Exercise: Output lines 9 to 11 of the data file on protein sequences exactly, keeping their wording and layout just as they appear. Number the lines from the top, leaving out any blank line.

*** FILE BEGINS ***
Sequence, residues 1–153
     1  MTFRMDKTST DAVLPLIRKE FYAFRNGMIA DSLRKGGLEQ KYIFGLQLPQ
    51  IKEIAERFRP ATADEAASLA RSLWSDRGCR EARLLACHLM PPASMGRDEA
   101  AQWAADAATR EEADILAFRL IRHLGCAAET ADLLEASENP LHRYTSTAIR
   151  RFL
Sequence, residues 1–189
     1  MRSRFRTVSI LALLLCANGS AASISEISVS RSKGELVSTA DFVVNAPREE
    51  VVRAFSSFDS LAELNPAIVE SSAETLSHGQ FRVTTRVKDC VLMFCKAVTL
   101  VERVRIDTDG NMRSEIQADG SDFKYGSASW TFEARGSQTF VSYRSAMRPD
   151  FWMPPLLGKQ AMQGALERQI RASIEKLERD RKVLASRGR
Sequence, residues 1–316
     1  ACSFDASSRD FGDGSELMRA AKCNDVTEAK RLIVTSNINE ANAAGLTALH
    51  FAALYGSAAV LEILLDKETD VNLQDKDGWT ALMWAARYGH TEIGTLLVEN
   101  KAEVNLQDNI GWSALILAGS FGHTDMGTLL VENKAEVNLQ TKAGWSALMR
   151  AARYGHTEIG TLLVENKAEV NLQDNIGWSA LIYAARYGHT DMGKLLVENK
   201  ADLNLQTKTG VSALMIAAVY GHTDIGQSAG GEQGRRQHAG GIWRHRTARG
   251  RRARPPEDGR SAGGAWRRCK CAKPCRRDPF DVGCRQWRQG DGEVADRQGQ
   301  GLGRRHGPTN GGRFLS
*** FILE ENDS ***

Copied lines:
   101  VERVRIDTDG NMRSEIQADG SDFKYGSASW TFEARGSQTF VSYRSAMRPD
   151  FWMPPLLGKQ AMQGALERQI RASIEKLERD RKVLASRGR
Sequence, residues 1–316